Also, from a technical perspective, if wages and productivity are difference stationary, then wages will trend upward alongside productivity until it doesn't. It can make a gradual process look like a sharp break.

    1. "Unions are able to capture a greater proportion of the rent in noncompetitive industries. This rent presumably rises at about the rate of productivity."

      Sounds like investing in "noncompetitive industries" is a great idea to me, surely nobody else will think of it ;)

  4. Could this just be a relic of the data and methodology?

    The productivity measure is a mean (sum of output divided by number of hours worked). Conversely, the weekly wage measure is probably a median measure. I think it would be more appropriate to compare the mean weekly wages to this productivity measure. As I recall from a review of 'the Great Stagnation,' while median wages are stagnant, mean wages aren't due to increased positive skew in the wage distribution. So, perhaps there is not decoupling between mean productivity and mean wages.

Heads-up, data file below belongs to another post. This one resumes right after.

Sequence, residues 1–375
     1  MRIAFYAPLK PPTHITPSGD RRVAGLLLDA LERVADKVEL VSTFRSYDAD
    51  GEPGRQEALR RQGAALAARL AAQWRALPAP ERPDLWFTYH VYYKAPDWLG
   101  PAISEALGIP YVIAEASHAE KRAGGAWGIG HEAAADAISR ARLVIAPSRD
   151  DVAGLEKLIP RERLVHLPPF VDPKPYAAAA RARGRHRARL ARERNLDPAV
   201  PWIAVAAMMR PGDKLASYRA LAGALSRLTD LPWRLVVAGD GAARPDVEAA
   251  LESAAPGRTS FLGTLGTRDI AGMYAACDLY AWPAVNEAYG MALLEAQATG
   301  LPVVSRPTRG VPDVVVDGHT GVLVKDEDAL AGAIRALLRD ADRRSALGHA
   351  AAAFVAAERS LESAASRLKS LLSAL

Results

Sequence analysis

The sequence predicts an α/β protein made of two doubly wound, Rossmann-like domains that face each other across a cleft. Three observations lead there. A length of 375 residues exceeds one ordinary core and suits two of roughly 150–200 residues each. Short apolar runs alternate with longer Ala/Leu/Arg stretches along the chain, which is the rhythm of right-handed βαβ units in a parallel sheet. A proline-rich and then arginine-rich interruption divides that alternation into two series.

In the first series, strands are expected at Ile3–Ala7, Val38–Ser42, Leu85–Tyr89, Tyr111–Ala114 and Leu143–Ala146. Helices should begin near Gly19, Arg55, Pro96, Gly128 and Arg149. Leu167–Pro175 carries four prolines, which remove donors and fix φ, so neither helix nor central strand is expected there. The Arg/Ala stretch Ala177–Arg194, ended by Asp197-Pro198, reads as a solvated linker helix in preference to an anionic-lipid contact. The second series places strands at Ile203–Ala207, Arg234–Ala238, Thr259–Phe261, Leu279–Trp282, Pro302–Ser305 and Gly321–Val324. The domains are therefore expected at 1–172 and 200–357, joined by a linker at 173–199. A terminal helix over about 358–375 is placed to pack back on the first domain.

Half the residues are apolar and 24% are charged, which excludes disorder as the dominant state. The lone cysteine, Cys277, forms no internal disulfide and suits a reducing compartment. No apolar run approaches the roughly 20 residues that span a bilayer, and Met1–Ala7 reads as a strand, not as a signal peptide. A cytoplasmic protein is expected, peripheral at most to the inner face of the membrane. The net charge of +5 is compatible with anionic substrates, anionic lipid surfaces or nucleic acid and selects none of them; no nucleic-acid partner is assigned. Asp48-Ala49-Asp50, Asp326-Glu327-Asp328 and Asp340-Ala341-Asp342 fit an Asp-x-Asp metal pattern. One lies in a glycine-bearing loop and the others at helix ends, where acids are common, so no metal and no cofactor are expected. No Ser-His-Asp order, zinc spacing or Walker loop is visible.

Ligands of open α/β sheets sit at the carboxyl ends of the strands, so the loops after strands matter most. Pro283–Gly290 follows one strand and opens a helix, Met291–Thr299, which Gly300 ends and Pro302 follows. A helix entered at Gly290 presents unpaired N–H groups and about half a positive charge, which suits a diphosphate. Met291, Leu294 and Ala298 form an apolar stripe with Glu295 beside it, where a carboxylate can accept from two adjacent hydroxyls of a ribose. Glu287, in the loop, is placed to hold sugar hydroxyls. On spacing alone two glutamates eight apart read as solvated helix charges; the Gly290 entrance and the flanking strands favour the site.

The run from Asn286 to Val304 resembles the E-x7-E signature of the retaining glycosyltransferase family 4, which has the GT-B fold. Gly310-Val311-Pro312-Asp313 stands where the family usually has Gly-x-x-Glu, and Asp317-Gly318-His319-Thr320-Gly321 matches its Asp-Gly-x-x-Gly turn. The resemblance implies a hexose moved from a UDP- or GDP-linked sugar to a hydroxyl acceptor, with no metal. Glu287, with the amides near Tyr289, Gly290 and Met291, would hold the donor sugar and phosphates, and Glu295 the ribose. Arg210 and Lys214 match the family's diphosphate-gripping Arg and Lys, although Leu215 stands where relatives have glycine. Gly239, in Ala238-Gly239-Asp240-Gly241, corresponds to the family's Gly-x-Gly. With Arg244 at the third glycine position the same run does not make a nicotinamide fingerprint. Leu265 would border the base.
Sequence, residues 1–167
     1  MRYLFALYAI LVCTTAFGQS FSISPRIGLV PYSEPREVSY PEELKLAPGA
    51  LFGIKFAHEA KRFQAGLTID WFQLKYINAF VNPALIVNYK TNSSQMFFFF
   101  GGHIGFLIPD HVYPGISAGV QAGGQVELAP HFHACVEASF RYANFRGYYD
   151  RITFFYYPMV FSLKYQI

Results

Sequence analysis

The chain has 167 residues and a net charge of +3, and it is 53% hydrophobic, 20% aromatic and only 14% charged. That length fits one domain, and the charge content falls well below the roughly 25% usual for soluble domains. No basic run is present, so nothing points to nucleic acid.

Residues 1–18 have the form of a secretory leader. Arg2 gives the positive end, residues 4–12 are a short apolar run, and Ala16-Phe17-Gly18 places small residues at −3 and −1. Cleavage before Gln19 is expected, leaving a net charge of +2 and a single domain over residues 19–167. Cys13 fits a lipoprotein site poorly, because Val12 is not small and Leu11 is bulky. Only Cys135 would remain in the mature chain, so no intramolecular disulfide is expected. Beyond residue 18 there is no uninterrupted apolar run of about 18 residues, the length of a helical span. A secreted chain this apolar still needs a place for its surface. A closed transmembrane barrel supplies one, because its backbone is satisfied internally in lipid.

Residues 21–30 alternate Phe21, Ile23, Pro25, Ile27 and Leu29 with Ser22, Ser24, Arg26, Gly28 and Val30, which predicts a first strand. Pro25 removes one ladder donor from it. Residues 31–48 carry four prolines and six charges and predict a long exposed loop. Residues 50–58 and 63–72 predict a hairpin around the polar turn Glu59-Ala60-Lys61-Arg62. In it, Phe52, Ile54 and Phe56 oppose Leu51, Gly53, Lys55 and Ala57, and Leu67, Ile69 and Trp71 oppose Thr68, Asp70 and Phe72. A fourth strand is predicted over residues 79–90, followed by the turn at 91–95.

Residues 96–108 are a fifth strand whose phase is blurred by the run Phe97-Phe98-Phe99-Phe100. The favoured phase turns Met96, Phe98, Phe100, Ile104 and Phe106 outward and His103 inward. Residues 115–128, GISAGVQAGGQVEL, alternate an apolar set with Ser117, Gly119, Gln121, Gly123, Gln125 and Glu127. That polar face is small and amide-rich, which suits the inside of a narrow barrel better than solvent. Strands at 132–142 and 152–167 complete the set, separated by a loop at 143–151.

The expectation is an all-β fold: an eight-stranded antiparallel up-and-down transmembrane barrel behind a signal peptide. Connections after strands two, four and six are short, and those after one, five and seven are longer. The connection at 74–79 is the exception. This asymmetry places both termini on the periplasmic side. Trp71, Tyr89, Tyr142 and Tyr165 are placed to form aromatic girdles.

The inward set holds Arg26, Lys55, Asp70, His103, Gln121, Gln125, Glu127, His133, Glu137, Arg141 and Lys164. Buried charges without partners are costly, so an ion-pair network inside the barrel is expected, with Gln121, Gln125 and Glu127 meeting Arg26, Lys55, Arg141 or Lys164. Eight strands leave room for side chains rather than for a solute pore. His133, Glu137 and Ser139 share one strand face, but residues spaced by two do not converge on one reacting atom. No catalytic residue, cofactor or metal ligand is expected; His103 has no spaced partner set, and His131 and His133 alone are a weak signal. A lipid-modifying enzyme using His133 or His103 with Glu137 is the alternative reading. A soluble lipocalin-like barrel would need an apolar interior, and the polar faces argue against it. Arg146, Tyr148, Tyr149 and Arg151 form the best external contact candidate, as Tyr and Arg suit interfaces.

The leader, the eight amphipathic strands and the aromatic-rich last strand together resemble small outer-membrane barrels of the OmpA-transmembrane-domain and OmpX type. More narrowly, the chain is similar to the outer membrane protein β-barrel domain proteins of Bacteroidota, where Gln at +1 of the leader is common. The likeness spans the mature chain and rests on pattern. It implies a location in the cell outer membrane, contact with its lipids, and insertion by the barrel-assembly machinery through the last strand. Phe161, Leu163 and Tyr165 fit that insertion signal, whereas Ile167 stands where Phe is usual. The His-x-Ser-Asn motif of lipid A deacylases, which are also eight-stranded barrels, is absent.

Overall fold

I study finance, so I don't know the theory between wages and productivity, but this graph, as is, does not seem to support any theory (coupled vs. decoupled).

    1. I should check the source of this graph... I've seen several versions of it, but I hope people aren't just putting in median wages and mixing means and medians. If that's what's going on then distributional changes alone could explain this.

      I just assumed no one would mix means and medians like that without being very clear... probably a bad assumption on my part.

    2. Not sure if that really changes anything since that stagnation is consistent with stagnating median annual incomes. One would not argue that we should be shifting the analysis of the "middle class" by shifting to average annual income.

  5. Oh, btw, one factor you missed in your musing was the labor supply shock of baby boomers entering the workforce in the early 70s. Anyway, it seems reasonable to ascribe the kink to an interplay of all the factors being discussed.

    1. So why would the shock cause the departure of wages from productivity...?

    2. Its a new tier of workers (younger and more female) that makes it easier to institutionalize the change in bargaining, as you put it. I'm not offering it as a primary causes, but as part of the matrix.